Sperling Prostate Center

Going Off Active Surveillance: Better Safe Than Sorry

These days, Active Surveillance (AS) seems to be the new best friend for prostate cancer (PCa) patients. Over 40% of newly diagnosed, low-to-favorable intermediate risk patients now begin PCa management on AS. This method defers treatment, but there’s a catch. Patients must be responsible to:

  • Obtain the most thorough portrait of your PCa (multiparametric MRI, in-bore MRI-targeted biopsy of suspicious areas, family history/risk factors, genomic analysis if indicated)
  • Adhere to your doctor’s monitoring schedule (PSA tests, mpMRI, repeat targeted biopsy if indicated)
  • Make lifestyle choices to lower risk of PCa progression (diet, exercise, stress management, etc.)

Why do patients choose AS, knowing that PCa will still be in their bodies? It’s because they want to avoid the urinary, sexual and bowel side effect risks of surgery or radiation as long as possible. How long is that? Well, it’s as long as the PCa does not worsen—which is why monitoring is crucial.

The most important question

Currently, experts generally limit AS eligibility to patients with low-volume 3+3 tumors, or 3+4 tumors with only a small percentage of grade 4. Embarking on AS raises the most important question: How long can I expect to be on it?

Your doctor will educate you on warning signs he will monitor for, but there is one factor that can help you adjust expectations when considering AS. A clue that the switch to treatment may come sooner is a suspicious mpMRI result. For that clue, we can thank a January 2022 paper by Olivier et al, whose goal was to determine “the length of time we can defer treatment and have the patient on AS.”[i]

The Olivier study is informative. Its database of over 21,000 AS cases was drawn from 25 international AS registries from 2014-16. From that pool, study cases were included only if they had MRI results within a certain timeframe from diagnosis. That whittled it down to 2119 cases. These were divided into two groups, whose patient and tumor characteristics were comparable (the only difference being suspicious tumor appearance on MRI at the time of inclusion):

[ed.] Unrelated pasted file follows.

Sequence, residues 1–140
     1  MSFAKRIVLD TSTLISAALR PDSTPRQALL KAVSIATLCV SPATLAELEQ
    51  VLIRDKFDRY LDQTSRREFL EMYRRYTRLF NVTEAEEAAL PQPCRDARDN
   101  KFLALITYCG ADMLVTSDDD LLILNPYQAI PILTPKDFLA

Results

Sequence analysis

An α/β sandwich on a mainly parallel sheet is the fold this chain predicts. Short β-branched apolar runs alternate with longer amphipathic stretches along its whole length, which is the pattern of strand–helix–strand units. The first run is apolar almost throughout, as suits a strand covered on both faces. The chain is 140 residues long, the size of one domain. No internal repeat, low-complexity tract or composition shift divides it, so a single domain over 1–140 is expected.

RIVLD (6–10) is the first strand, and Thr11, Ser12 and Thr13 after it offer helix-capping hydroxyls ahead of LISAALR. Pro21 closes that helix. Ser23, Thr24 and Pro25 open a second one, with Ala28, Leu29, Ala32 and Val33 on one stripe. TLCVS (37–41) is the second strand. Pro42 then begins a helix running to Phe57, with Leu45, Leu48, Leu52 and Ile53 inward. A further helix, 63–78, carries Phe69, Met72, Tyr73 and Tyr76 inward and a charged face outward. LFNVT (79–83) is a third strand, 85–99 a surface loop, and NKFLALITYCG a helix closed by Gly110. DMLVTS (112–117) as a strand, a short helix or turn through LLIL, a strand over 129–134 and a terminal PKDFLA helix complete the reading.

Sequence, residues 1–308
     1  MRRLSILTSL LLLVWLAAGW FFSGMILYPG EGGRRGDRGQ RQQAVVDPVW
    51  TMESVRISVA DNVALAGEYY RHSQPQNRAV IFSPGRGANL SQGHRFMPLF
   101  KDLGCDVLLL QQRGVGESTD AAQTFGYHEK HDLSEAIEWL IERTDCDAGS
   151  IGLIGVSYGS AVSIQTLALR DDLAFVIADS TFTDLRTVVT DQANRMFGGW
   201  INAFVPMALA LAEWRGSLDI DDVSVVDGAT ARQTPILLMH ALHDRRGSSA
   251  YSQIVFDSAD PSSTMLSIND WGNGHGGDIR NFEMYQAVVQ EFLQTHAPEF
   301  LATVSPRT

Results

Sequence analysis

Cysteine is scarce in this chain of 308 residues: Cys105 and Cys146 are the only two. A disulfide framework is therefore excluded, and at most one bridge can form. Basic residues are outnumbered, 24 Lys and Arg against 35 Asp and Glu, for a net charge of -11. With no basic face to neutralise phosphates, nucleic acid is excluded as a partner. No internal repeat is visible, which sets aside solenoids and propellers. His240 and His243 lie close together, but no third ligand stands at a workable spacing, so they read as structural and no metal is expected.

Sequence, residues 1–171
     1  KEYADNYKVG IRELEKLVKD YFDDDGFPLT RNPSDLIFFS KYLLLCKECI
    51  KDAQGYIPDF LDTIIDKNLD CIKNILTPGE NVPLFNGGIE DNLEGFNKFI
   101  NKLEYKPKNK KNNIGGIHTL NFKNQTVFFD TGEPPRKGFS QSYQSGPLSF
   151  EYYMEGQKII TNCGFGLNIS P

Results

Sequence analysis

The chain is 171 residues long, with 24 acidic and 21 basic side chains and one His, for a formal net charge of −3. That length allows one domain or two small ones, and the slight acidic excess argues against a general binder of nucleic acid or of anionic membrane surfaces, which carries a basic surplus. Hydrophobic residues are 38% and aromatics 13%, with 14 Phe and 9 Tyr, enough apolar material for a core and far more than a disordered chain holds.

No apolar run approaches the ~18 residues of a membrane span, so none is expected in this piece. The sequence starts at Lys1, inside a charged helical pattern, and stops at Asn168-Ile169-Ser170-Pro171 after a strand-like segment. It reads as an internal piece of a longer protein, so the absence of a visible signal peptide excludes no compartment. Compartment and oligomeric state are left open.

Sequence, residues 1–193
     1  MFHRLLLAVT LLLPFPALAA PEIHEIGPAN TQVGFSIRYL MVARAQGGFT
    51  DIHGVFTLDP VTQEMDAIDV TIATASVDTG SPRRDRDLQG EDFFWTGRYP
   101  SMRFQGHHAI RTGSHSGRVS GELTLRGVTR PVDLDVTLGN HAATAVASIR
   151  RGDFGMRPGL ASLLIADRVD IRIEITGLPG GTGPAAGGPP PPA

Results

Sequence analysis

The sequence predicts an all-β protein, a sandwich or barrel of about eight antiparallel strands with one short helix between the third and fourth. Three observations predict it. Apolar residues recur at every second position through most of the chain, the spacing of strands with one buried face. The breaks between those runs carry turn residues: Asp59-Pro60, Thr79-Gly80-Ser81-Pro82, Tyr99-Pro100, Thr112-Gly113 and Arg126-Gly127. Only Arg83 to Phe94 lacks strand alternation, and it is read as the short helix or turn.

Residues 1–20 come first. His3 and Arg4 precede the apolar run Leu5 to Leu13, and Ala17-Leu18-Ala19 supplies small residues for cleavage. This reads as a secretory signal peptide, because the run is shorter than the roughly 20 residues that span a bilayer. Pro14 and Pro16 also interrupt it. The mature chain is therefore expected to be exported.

• Nonsuspicious MRI at the time of inclusion (1035 cases)
  • Suspicious MRI at the time of inclusion (1084 cases)

The data was analyzed for the length of time on AS until:
a) Active treatment (surgery, radiation, brachytherapy, focal therapy, hormone therapy) or
b) Gleason grade progression (higher grade at follow-up biopsy) or
c) Stopping AS for any reason (progression, conversion to treatment without evidence of progression, transition to watchful waiting, anxiety, non-PCa death, and other/unknown).

According to findings for the entire cohort of 2119 cases, 71% of men were still on AS at 3 years, and 60% at 5 years. These statistics help guide expectations. On average, for PCa patients considering AS, over half can expect to defer active treatment at least 5 years. However, when analyzed specifically by the two subgroups, there’s a distinct difference:

  Nonsuspicious MRI at inclusion Suspicious MRI at inclusion
Still on AS at 3 years 82% 72%
Still on AS at 5 years 66% 52%